The Speckled Wood is a common and therefore familiar butterfly, especially in woodland areas as the name would suggest. Its appearance varies depending on its location; butterflies in the North are dark brown with white spots and those in the south are dark brown with more orange spots.

These location variations have given rise to a number of subspecies (like this little beauty here!)  You may not know this but the Isles of Scilly Speckled Wood (P. a. insula) is only found in Scilly!

Female Speckled wood butterflies are monandrous; they typically only mate once within their lifetime. On the other hand, males are polygynous and typically mate multiple times.  In order to locate females, males will employ one of two strategies: territorial defense and patrolling.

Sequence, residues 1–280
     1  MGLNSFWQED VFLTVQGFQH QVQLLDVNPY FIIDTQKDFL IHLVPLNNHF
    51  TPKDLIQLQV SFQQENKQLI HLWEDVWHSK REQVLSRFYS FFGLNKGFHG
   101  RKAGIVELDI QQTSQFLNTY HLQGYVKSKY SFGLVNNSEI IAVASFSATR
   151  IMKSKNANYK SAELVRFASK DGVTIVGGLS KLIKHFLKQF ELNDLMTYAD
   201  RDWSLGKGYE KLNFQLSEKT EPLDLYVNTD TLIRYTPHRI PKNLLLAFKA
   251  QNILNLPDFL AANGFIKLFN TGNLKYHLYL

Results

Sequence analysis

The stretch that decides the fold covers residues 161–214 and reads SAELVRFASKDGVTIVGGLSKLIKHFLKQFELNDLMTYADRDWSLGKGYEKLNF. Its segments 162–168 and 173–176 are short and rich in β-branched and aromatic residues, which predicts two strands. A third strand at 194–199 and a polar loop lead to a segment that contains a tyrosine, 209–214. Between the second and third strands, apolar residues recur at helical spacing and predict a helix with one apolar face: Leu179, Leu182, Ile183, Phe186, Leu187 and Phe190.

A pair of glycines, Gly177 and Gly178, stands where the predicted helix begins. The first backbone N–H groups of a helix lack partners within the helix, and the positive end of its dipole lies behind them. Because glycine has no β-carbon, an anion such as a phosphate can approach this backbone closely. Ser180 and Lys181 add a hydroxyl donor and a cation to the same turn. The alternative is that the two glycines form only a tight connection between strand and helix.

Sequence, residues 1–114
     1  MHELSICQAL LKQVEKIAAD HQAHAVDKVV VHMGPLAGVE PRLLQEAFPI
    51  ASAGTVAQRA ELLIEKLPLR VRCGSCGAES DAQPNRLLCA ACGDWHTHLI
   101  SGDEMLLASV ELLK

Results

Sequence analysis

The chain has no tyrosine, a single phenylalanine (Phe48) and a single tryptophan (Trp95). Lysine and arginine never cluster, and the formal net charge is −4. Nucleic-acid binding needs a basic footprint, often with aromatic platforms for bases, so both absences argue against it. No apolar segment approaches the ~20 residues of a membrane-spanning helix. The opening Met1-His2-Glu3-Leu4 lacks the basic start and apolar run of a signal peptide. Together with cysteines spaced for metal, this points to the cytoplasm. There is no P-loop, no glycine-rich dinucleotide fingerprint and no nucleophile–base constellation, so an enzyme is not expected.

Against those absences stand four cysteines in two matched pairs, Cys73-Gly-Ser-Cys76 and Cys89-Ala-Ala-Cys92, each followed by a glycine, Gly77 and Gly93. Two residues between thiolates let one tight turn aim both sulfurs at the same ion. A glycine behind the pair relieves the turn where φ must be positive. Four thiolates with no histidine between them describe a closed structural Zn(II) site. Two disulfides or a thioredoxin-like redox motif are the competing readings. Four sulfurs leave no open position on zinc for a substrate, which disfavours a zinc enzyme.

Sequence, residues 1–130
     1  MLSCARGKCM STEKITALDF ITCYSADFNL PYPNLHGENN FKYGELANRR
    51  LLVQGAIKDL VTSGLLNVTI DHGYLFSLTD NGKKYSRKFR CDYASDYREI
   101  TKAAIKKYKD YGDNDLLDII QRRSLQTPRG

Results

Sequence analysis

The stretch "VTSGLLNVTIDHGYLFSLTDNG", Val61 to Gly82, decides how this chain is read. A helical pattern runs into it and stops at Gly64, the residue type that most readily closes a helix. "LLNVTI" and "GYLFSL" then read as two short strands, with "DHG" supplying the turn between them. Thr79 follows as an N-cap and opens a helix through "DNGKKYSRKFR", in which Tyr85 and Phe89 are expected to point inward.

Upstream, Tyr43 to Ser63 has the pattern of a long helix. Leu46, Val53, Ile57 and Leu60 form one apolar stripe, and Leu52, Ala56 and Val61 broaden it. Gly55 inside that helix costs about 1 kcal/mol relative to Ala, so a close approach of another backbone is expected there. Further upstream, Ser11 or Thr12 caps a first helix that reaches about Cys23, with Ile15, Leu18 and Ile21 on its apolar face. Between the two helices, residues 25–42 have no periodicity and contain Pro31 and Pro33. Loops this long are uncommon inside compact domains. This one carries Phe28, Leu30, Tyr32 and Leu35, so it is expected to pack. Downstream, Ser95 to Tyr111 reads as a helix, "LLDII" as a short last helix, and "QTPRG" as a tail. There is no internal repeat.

These opposing strategies can lead to differences in appearance; most notable variations in the number of spots on their hindwings. Those with three spots are more likely to be patrolling males, while those with four spots are more likely to be defending males!  Additionally wing spots are also influence by environmental conditions. 

The females lay eggs on a variety of grassy plants.

The caterpillars are green with a short, forked tail, and the chrysalis (pupa) is green or dark brown.

The Speckled wood is able to overwinter in two totally separated developmental stages, as pupae or as half-grown larvae. This leads to a complicated pattern of several adult flights per year.